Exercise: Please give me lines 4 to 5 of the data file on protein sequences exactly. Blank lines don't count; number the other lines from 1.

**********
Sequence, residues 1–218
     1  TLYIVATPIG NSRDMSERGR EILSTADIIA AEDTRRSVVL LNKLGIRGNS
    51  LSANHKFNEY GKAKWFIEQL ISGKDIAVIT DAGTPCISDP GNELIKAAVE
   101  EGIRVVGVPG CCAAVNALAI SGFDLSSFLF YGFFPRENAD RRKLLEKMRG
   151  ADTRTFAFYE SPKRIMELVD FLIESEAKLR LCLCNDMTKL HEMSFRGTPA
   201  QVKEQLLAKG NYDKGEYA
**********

   101  EGIRVVGVPG CCAAVNALAI SGFDLSSFLF YGFFPRENAD RRKLLEKMRG
   151  ADTRTFAFYE SPKRIMELVD FLIESEAKLR LCLCNDMTKL HEMSFRGTPA